Presenter David Periera
David Pereira is an Australian cellist of huge experience and achievement. His professional career now spans 45 years and he shows no signs of tiring. He says he would like to die suddenly one far-off day, new running shoes still warm… maybe walking on his hands! Recently he has returned to the ANU School of Music as Senior Lecturer, a position he first took up in 1991 after working for 11 years as cellist of the Australia Ensemble, 7 as principal in the ACO, and 3 years as principal in the SSO. He is passionate about the ANU SoM’s future, one in which he plans to continue to play a key role.
His early training was at Sydney Conservatorium and then at Indiana University. It was traditional and conventional in excellent ways.
David is distinctive for his holistic approach to cello. He combines the practices of playing, teaching, composing, improvising, conducting and researching, as well as those of Yoga, Running, and Gymnastics. His musical tastes are broad, and he finds it slightly embarrassing if he is called a Classical Cellist. Cello playing is more important than any limited style of music-making, after all!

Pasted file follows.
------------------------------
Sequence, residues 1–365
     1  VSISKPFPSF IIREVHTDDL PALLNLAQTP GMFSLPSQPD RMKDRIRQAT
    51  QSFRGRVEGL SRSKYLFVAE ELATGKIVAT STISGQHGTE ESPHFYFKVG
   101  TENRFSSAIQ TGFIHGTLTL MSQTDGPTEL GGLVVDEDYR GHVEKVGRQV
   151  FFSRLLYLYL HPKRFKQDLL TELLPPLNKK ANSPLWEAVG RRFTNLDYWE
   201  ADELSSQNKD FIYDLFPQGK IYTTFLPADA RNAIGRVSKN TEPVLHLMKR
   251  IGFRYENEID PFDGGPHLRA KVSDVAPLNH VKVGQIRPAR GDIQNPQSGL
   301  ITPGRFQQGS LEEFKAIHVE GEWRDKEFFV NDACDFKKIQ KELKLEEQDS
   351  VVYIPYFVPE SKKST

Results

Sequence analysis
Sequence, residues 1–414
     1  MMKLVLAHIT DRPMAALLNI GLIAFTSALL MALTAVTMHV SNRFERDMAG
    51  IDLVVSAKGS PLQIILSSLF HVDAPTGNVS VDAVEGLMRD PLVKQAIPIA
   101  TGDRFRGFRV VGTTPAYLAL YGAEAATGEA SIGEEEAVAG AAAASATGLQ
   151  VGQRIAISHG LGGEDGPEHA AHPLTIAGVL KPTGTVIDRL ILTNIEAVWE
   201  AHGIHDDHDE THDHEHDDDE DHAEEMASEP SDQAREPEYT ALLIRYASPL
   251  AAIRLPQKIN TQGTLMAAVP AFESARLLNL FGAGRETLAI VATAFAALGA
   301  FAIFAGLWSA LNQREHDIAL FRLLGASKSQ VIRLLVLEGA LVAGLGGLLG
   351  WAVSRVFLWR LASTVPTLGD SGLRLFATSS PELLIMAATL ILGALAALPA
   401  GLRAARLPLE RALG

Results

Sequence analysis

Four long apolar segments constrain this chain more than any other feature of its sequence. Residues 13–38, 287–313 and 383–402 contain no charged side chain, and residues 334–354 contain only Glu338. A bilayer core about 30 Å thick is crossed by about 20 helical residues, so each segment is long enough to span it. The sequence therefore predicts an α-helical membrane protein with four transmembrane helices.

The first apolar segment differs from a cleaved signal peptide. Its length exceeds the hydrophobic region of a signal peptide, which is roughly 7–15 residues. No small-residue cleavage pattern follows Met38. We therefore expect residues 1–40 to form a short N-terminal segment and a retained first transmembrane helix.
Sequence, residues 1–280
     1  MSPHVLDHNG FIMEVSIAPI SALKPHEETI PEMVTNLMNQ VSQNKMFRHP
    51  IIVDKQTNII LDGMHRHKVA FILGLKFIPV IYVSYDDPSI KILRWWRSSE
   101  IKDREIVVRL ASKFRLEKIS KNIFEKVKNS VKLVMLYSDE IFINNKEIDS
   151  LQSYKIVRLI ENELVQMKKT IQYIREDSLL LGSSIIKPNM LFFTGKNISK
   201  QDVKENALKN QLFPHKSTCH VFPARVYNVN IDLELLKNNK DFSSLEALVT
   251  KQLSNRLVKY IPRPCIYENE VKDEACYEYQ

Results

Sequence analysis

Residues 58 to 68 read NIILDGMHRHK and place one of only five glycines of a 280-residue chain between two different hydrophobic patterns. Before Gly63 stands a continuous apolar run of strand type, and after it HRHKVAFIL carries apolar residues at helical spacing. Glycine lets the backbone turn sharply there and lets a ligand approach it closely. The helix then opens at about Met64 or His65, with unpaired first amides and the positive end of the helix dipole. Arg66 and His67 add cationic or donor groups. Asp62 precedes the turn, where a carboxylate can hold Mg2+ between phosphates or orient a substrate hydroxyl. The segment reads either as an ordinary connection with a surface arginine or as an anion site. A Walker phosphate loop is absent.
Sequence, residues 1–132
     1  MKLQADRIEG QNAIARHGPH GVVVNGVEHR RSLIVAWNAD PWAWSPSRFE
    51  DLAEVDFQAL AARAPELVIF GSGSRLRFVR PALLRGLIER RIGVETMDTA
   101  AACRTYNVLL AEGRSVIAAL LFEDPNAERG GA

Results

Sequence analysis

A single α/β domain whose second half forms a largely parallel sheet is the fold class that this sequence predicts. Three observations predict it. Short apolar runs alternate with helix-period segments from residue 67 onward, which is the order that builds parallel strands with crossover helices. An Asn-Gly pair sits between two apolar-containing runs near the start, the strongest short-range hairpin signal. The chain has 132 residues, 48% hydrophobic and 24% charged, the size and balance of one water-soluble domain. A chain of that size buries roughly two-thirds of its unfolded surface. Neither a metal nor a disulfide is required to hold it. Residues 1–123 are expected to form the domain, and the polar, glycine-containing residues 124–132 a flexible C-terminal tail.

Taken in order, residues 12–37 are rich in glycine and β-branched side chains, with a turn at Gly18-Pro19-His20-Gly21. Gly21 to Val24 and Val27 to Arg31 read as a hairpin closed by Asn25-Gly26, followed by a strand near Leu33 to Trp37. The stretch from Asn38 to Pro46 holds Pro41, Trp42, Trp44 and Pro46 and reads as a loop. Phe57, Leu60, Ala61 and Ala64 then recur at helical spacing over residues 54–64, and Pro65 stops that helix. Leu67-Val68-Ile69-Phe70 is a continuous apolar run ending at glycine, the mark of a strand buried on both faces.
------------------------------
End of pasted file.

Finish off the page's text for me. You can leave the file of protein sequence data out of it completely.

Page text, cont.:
His handful of books on cello playing and on musicianship attest to his persistent efforts to increase his expertise by finding ever better methodology, skill and insight. The most recent publication – Pereira Cello Technique – presents his finest perceptions so far, in a concise literary form and with demonstration videos for each section. These and more are found at his website – www.davidpereira.com.au
Presentation on Pereira Cello Technique
David will introduce his 2017-18 Pereira Cello Technique publications – Volume 1: Postures and Movements; Volume 2: Interpretation and Expression.
Volume 1 was praised by the STRAD late 2017 for its depth and usefulness. Volume 2 will be hot-off-the-press for the AUSTA National Conference 2018.
These volumes truly are unique, even as they contain some advice for the player that is uncontroversial. The language is first-person, as often it is when a cello teacher addresses a student, and every short section has several ‘teachings’. These are couched in unpretentious adult language that doesn’t try to exclude children. Everything is ‘practical’ and demonstrable with cello, otherwise it doesn’t get written in the books.
David says the obvious goal is to marry comfort with utility, and with ever-increasing cleverness. That sounds good!!!